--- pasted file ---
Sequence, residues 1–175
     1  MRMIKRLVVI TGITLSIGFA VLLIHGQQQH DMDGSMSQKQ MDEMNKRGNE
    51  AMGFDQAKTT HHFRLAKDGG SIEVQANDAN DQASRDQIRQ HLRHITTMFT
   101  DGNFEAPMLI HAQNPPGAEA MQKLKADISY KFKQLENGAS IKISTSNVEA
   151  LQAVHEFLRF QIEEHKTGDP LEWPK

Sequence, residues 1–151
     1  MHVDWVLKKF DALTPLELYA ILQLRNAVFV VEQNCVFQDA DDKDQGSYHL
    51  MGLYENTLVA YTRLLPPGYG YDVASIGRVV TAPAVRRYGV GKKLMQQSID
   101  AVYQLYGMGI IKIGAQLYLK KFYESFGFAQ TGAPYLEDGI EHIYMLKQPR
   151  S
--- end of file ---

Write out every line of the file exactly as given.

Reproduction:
Sequence, residues 1–175
     1  MRMIKRLVVI TGITLSIGFA VLLIHGQQQH DMDGSMSQKQ MDEMNKRGNE
    51  AMGFDQAKTT HHFRLAKDGG SIEVQANDAN DQASRDQIRQ HLRHITTMFT
   101  DGNFEAPMLI HAQNPPGAEA MQKLKADISY KFKQLENGAS IKISTSNVEA
   151  LQAVHEFLRF QIEEHKTGDP LEWPK

Sequence, residues 1–151
     1  MHVDWVLKKF DALTPLELYA ILQLRNAVFV VEQNCVFQDA DDKDQGSYHL
    51  MGLYENTLVA YTRLLPPGYG YDVASIGRVV TAPAVRRYGV GKKLMQQSID
   101  AVYQLYGMGI IKIGAQLYLK KFYESFGFAQ TGAPYLEDGI EHIYMLKQPR
   151  S